I’ve done this and I’ll probably never do it again. I don’t think 30 days is enough time for me to understand a potential partner on a level where this could be true. I’ve been infatuated with someone during the first couple months but that’s much different than love. I wait until the other person says it. Some could argue that’s a game, but it’s what I’m most comfortable with. That being said, I think if it’s something you feel comfortable communicating – go for it.
Why is dating so hard?
Think about how hard it is to make girlfriends as an adult. Now add a romantic element to that. You’re trying to find someone who you enjoy being around all the time, feel comfortable with in any setting, and gives you space to be the best version of yourself. Of course that’s going to be hard to find.
I don’t want to waste my time dating a Trump voter. How do I ask?
You just ask. I have a line about it in my profile. Yes, that will attract a few extremists trying to make their case but I’d rather I be upfront about a very solid dealbreaker than waste my time. Before I had it in my profile, it was one of the first things I brought up and was very clear about and it doesn’t always have to be dramatic. After a few hours of decent back and forth with a match I brought it up when he asked for my number. I never give out my number unless I know this answer. He mentioned that he’d voted for Trump (twice) but for financial reasons and wanted to make sure I knew he “wasn’t his guy”. I politely responded that if he voted for him, he was his guy and unfortunately, that was a dealbreaker for me. He mentioned that he was disappointed but I was firm with my line and that was that.
Also, don’t fall for that sh*t. A vote for Trump is a vote for Trump. No matter the election year, no matter the reason. Do not edit your boundaries.
How do I date when I don’t like people?
I feel this. Deeply. Be very clear about your expectations, both with yourself and with potential dates. Do not be afraid to drop a match before chatting. Protect your energy. When I engage with every person who reaches out, I’m exhausted. You don’t owe anyone anything. Reserve your witty banter for the ones you’re actually interested in.
What do you do when all your pics are pre pandemic aka 15 pounds lighter?
Improve your selfie game. I had an old rule that was to never engage a guy with selfies in his profile. You’re telling me there are no pictures of you that exist so you have to take a selfie? I didn’t like the vibe. Now, the game is a little different. We haven’t been anywhere in over a year. Selfies are acceptable. Shirtless, bathroom/gym ones are not.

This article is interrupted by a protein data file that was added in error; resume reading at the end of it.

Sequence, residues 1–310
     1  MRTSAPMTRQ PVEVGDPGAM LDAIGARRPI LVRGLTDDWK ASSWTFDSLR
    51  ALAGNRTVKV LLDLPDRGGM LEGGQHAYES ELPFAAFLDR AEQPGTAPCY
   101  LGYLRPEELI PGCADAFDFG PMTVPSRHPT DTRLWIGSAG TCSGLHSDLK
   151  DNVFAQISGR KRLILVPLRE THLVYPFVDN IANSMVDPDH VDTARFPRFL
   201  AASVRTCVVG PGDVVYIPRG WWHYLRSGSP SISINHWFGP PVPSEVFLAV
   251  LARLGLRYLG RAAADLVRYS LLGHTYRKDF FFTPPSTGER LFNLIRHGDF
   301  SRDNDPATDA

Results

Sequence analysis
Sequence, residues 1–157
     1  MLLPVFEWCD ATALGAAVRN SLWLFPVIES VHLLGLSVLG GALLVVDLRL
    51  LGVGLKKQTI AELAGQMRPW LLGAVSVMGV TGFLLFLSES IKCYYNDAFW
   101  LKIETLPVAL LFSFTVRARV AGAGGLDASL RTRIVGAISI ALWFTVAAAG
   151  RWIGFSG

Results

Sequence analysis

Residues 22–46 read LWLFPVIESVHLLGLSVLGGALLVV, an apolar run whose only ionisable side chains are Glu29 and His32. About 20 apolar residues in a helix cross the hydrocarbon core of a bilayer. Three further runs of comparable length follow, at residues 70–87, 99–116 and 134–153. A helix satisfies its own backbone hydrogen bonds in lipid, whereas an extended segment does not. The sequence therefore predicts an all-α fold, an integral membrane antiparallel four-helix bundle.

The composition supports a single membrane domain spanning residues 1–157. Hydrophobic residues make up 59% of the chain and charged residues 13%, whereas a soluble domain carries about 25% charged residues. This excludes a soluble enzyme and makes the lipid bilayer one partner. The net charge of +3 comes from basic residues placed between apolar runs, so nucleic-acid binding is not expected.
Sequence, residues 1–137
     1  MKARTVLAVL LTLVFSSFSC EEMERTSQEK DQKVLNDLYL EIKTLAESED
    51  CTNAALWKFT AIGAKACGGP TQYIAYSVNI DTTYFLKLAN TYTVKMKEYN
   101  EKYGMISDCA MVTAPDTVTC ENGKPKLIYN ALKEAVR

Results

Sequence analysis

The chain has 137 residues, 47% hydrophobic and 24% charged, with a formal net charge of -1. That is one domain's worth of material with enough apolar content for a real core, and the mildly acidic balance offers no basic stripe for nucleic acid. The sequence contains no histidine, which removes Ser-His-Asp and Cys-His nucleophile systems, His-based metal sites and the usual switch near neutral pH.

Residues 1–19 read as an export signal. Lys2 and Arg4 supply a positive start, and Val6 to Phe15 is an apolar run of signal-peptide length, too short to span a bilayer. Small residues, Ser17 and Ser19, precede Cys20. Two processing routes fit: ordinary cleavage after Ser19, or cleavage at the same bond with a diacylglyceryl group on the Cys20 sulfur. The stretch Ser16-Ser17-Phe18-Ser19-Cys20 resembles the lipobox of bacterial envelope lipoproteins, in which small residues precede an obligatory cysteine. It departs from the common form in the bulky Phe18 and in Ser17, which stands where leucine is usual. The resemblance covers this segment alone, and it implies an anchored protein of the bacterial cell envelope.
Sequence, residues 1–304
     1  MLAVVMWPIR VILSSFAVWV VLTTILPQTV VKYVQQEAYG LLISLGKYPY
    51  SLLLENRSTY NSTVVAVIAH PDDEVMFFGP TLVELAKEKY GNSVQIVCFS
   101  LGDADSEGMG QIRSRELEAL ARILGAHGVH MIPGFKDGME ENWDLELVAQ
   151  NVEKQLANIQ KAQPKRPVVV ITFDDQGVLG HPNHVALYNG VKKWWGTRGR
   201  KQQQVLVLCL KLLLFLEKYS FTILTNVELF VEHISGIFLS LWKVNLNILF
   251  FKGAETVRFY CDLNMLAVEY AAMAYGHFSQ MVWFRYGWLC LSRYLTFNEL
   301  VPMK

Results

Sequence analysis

I also think not being the exact weight you are in your photos is OK. I typically give people ~20 of wiggle room especially in the middle of a pandemic. While I may get backlash for that last sentence, there is a difference in putting on 20 pounds of weight over the course of quarantined months and lying in your profile, pitching yourself as someone you are not. I met up with someone last summer at an outdoor bar who was at least 70 pounds heavier than his profile pictures. Not only is that a completely inaccurate representation of yourself, it’s deceptive and it speaks to someone’s decision making. It’s a no for me, dawg.
How do you balance being on your own but wanting to meet someone eventually?
You carve out time for yourself and don’t immediately throw yourself into something with someone when it happens. Be a little unavailable – not in a playing games way but in a protecting your space way. If Sunday is your self-care night, keep it. Move your date to the following night. If Thursday is your reading alone night, keep it. Move the date to the weekend.
I really value my alone time. But I’d also like to meet someone, someday. So when I’m on a dating app, I treat it like I would a date. I log on two to three times a week, pour myself a glass of wine and sit down and focus on chatting. Just like I’d go on two to three dates a week, have a glass of wine and focus on chatting with my date. If you check in every day, multiple times a day not only will it drive you crazy, you lose your balance.
How to engage on dating apps? I can’t talk about the weather anymore.
I only engage with people who have taken the time to say something interesting in their profile or as an opener. If you’re talking about the weather, you’re in the wrong place. Once, I matched with a guy because he had an Orioles hat on in his profile and I figured we’d at least have that to talk about. That’s the wrong mentality to have and I got what I deserved. His opener was, “Hi.” Nope. Unmatched and moved on.
I answer a few more questions over on my Instagram under the “dating” highlight:
How do you stay excited about dating when you’ve had so many bad dates?
How do I date during the middle of a pandemic?
How do you know when you’re ready to date?
How do you start dating again after a long time out of the game? I feel like a wet sock.
Do you have a question about dating? Or advice for one of the questions above? Leave it in the comments below ↓